World Metrology Day has become an established annual event during which more than eighty States celebrate the impact of measurement on our daily lives, no part of which is untouched by this essential, and largely hidden, aspect of modern society. Previous themes have included topics such as measurements for innovation, and measurements in sport, the environment, medicine, and trade.
UNESCO and IUPAC have decided to designate 2011 as The International Year of Chemistry (IYC 2011), a worldwide celebration of the achievements of chemistry and its contributions to the well-being of humankind. Under the unifying theme “Chemistry - our life, our future,” IYC 2011 will offer a range of interactive, entertaining, and educational activities for all ages. The year 2011 also coincides with the centenary of the Nobel Prize in Chemistry awarded to Madame Marie Curie - an opportunity to celebrate the contributions of women to science.
Chemistry is a creative science that is essential for sustainability and improvements to our way of life. All known matter is composed of pure chemical elements or of compounds made from those elements. Humankind’s understanding of the material nature of our world is grounded in our knowledge of chemistry. Molecular transformations are central to the production of foodstuffs, medicines, fuels, and metals - i.e. virtually all manufactured and extracted products.
The World Metrology Day 2011 message Chemical measurements for our life, our future builds upon the IYC 2011 theme. Chemistry and chemicals pose particularly interesting challenges to the measurement community: thousands of compounds must be measured, and the range of concentrations at which some compounds must be reliably detected, quantified, and in some cases regulated can nowadays extend down to parts per billion (or even trillion). Yet the ability to make appropriately accurate and reliable chemical measurements is crucial to our economy, our environment and our personal well being; in short we must not underestimate the importance of Chemical measurements for our life, our future.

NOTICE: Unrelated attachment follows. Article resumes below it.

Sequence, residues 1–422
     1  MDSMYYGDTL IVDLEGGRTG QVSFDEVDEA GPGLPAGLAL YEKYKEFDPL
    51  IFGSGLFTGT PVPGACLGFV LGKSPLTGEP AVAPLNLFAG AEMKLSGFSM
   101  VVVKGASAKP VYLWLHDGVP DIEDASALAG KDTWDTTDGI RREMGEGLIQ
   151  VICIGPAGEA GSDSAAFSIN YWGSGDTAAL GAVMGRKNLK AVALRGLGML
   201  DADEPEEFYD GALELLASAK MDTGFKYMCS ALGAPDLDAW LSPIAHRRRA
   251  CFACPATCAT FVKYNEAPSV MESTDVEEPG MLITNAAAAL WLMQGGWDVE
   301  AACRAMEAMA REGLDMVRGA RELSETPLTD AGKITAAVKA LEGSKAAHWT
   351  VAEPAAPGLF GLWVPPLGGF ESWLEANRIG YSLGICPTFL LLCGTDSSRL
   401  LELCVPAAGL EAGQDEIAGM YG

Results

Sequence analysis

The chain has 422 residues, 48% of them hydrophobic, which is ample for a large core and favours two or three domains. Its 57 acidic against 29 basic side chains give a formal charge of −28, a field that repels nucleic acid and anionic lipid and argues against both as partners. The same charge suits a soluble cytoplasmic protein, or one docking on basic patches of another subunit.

National measurement systems must rely on agreed standards, units, and techniques to make consistent, reproducible and accurate measurements. Each system of national measurement standards and laboratories is then linked into a world-wide network coordinated by the International Bureau of Weights and Measures (BIPM). This network gives society access to accurate measurements in order to meet today’s challenges in healthcare, within the environment and in all the new technologies and processes. In industry and commerce, it helps ensure product quality and interoperability, eliminates waste, raises productivity, and facilitates trade based on agreed measurements and tests. It also enables scientists to use a common language to underpin their collaboration across the world and ensure that their exploits can be taken up and accurately reproduced by companies wherever they operate.
National and regional metrological regulations must be based on agreed technical requirements in order to help avoid or eliminate technical barriers to trade, ensure fair trade practice, care for the environment and maintain a satisfactory healthcare system. The International Organization of Legal Metrology (OIML) has developed a worldwide technical structure by means of which it provides its Members with technical Recommendations and Documents as well as Guides, Vocabularies and other publications. When developing their metrological legislation and regulations, OIML Members can ensure they meet these objectives by including the requirements contained in the relevant OIML publications.
This year, in their messages to the world of metrology, Governments, companies, academics, and indeed to the man or woman in the street, the Directors of the International Bureau of Weights and Measures and of the International Bureau of Legal Metrology both highlight the importance of accurate, reliable and internationally accepted chemical measurements in the modern world as it deals with today’s grand challenges.